Legislature Rejects $3 Billion Gambling Deal
A proposed $3 billion deal negotiated between Gov. Rick Scott and the Seminole Tribe of Florida that would have expanded gambling across the state collapsed Friday after it was rejected by state legislators.
The deal died after the Florida House failed to consider a major gambling bill that would allowed the tribe to add craps and roulette at their existing casinos. The bill would have also allowed slot machines to be added at existing dog and horse tracks across the state.
House leaders did not take up the legislation because a companion measure had stalled in the Senate and top GOP legislators in that chamber said they had no plans to consider it. The session ends Friday and backers of the legislation said they would abandon any efforts to pass the bill.
"Going into today we knew full well that the gaming bills were on life support," said Rep. Jose Felix Diaz, a Miami Republican who was part of the state's team that negotiated with the tribe. "The House was hoping for a miracle, but by the close of the day we saw one was not coming and had no option but to pull the plug."
This was the first time in six years that a gambling bill had gotten traction in the Republican-controlled House, which had rejected past attempts to bring new casinos to South Florida. But the legislation stumbled in the Senate as various interests — including the owners of existing tracks that compete against the Seminoles — pushed for changes that were not part of the initial deal approved by tribal officials.
The demise of the deal could scuttle a promise by the tribe to add thousands of new jobs and a $1.8 billion expansion of its casinos at Tampa and Hollywood. Seminole Gaming CEO James Allen last month said the tribe needs the certainty of the proposed compact to move forward.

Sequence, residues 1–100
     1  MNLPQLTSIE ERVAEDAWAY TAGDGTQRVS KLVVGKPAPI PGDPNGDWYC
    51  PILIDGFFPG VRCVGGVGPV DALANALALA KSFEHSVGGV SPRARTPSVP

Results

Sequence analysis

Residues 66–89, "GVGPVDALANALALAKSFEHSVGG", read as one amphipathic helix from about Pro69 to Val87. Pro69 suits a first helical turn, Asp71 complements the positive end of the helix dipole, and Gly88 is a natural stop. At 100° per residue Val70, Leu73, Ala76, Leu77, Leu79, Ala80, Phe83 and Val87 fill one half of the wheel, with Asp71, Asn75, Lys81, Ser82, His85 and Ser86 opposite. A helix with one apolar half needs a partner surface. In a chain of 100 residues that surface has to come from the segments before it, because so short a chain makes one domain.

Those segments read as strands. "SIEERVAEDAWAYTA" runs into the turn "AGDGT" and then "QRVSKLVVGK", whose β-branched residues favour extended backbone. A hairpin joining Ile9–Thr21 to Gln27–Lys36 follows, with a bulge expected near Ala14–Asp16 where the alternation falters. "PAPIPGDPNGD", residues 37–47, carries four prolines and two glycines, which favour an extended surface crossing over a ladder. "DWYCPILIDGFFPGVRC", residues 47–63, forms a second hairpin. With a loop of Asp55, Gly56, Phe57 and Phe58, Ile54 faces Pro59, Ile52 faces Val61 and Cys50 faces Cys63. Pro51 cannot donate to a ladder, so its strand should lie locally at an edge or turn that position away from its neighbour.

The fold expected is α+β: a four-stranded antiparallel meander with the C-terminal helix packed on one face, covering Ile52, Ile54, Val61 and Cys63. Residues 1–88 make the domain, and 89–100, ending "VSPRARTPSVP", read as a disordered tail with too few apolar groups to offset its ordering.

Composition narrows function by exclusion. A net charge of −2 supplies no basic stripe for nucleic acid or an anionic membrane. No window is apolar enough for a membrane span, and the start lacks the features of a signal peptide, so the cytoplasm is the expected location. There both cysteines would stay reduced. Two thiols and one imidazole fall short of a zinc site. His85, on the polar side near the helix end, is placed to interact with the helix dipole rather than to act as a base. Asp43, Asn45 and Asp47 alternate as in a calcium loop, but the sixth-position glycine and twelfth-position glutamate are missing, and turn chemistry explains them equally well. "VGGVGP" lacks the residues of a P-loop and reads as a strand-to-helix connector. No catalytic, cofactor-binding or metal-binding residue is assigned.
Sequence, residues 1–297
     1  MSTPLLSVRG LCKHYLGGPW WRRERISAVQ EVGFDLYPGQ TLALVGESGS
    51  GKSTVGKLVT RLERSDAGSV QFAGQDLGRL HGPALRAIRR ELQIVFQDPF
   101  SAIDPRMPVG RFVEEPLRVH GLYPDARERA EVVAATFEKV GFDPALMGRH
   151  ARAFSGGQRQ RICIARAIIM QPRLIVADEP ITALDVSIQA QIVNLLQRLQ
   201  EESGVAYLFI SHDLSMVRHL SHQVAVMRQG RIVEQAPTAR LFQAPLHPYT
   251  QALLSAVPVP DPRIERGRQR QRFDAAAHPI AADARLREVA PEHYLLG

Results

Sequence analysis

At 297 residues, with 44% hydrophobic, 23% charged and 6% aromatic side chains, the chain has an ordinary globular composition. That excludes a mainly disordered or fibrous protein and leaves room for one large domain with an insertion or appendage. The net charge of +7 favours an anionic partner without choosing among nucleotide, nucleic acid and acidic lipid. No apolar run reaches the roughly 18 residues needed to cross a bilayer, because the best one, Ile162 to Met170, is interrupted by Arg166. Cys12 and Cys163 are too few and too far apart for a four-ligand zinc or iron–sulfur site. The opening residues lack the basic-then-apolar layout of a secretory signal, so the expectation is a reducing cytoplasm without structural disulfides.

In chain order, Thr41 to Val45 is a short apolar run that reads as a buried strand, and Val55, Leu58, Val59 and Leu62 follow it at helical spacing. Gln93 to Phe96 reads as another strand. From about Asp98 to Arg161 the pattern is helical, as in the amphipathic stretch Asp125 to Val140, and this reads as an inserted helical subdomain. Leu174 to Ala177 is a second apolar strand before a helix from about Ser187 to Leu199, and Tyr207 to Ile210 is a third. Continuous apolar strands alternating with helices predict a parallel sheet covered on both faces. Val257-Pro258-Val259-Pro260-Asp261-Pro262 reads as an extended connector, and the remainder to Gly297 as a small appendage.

A tribe spokesman on Friday said they would not comment on the legislative decision to reject the compact.
Scott and the tribe late last year worked out a deal allowing the tribe to add roulette and craps and keep blackjack tables at its casinos in exchange for $3 billion over seven years. That deal also allowed slot machines to be added to a track in Palm Beach County and allowed a new casino to open in Miami-Dade. But others in the gambling industry heavily lobbied the Legislature to make substantial changes to the deal.
The bills that began moving had added provisions that would have also allowed slot machines in tracks in north Florida as well as in Brevard and Lee counties. Top Senate Republicans said all the changes pushed by gambling lobbyists made it harder to support the proposal.
"Every time you put a gaming bill up in the Florida Legislature it's like throwing a side of beef into a shark tank," said Sen. Tom Lee, a Brandon Republican.
The failure of the Legislature to approve the deal means that the future of gambling in the state could be decided by the courts. The Seminoles and the state of Florida have both filed federal lawsuits because a previous 2010 deal allowing blackjack tables expired last year. The Florida Supreme Court also has agreed to consider a lawsuit that argues slot machines should be allowed at an existing track 25 miles west of Tallahassee.
Rep. Matt Gaetz, a Destin Republican and attorney, predicted that the state would lose its litigation with the tribe. He said lawmakers should have reached a deal that could have preserved the state's share of money from the Seminoles.
"If we don't take action as a Legislature we will surrender the state's involvement in this critical decision making process," Gaetz said.